Once you have everything peeled away and the core loop defined in words it is time to create a basic prototype. Now is not the time for pretty graphics, use ugly placeholders. Please. So much time can easily be wasted during this step if you focus on making final in-game artwork. Don’t do that yet because chances are very high that the artwork will have to change. Placeholders allow you all of the freedom to make mistakes and changes without needing pixel perfect graphics. Create a functional model then ask yourself the final question,

 

Is It Fun?

Play your game a whole awful lot, are you having fun? This is a tough step in the process because for me the pure act of creating a game from nothing is the most enjoyable thing there is. I have to strip my feelings of that process away and focus on the actual gameplay and try to imagine myself not knowing anything about it’s inception. If I truly am enjoying myself then I need to ask a friend who knows nothing about my game to play it. Do they have fun? If so, then I need to dress things up a bit and present my prototype to a few more strangers and if everyone really is enjoying themselves then I have a winner and should continue down this path.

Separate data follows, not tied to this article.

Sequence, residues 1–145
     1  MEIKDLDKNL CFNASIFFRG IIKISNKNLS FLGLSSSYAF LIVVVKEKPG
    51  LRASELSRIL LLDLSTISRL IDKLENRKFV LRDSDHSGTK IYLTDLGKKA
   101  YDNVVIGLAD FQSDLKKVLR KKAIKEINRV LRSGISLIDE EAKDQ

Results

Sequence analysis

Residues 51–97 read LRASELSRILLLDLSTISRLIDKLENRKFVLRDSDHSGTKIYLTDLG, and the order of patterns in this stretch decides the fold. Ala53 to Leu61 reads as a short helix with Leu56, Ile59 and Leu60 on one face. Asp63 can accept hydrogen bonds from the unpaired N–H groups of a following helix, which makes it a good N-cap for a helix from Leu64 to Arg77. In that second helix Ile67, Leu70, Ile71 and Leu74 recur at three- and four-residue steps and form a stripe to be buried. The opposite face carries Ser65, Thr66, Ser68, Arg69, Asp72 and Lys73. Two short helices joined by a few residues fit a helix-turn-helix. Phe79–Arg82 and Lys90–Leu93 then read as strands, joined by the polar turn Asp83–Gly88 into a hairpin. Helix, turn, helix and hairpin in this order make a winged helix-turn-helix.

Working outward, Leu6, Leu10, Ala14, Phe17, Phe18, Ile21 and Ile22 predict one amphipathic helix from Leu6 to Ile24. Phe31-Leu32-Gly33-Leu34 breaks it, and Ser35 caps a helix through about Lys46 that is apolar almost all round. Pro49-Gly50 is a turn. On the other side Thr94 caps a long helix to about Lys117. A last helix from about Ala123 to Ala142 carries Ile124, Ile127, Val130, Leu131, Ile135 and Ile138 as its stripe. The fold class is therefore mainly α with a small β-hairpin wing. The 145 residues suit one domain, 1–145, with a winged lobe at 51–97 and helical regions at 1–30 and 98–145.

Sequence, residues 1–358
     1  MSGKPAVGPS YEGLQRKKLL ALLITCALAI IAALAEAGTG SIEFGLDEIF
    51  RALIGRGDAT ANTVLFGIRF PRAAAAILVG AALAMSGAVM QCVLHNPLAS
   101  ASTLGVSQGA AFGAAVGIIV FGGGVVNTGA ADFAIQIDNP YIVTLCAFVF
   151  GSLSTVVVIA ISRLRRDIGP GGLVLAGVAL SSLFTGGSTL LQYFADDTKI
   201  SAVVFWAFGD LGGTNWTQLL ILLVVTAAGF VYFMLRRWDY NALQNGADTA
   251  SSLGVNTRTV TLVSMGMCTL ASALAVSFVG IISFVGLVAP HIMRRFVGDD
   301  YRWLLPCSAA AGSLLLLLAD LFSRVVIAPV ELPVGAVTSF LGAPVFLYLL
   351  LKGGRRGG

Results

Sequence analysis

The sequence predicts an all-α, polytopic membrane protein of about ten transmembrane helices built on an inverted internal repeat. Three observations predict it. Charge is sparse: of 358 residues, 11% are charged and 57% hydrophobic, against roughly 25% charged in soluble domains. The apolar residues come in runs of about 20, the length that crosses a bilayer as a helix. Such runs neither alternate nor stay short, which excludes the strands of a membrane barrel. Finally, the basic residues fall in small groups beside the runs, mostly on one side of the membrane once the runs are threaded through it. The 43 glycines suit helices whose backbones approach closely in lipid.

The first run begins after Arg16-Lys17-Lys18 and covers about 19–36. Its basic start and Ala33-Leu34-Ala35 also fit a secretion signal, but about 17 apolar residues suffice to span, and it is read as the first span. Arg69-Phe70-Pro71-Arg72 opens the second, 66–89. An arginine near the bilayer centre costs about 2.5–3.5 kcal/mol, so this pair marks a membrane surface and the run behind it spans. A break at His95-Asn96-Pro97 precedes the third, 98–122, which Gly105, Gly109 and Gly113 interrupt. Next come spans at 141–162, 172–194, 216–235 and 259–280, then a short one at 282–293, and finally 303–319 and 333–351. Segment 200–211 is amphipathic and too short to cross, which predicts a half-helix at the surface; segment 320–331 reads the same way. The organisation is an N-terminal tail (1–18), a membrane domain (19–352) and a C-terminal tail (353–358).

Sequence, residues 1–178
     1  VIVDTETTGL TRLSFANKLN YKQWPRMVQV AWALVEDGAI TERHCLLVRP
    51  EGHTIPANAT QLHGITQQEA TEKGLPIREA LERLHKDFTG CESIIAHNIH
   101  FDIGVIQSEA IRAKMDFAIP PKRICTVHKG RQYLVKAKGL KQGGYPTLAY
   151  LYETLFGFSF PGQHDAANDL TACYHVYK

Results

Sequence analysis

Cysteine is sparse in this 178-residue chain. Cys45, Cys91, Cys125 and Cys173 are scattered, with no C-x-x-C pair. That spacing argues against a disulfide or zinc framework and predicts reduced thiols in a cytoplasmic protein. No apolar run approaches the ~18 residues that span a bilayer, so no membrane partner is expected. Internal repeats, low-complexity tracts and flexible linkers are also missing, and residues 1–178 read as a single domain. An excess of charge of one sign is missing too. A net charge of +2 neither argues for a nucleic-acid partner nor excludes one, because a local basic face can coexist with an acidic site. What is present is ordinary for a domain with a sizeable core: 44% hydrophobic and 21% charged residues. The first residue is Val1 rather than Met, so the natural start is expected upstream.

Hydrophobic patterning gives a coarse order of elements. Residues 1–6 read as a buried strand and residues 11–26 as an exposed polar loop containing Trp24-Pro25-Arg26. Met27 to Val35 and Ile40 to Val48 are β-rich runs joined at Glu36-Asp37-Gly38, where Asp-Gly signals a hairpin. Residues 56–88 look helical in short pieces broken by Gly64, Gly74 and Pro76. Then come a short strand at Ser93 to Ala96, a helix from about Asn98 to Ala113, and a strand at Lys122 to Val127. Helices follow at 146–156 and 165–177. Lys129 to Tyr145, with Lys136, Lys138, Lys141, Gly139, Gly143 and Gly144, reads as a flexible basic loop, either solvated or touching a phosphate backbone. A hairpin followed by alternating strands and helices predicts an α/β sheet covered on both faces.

Rarely though, does this happen the first go around. Typically the first, second, third or more drafts are not so fun. The concept may be there, but the mechanics may be off, or the balance. We usually have to go back and change something many times over before the core loop hits that sweet spot. Once it’s there though you’ll know it, and everyone who plays your game will to. This is the most important step in the process, getting this right is paramount.

It is important to note that this process must be completed outside of being aware of your monetization model. Trying to shove monetization into this part of the game design process has ruined many games to date and many developers are seeing the effects, whether they realize what is causing them is another issue. Create your core loop first, make it fun and then begin the process of determining the best way to monetize it.

This obviously is not an all encompassing ‘how to’ on creating a core loop, it is simply a basic run down of how I go about my process. I hope that it was insightful and helpful for you in your game designs. Next time around I will talk about fleshing out the game and what all that entails. Until then, game on.

~ Jeff Dehut

Game Design: Part One - Inspiration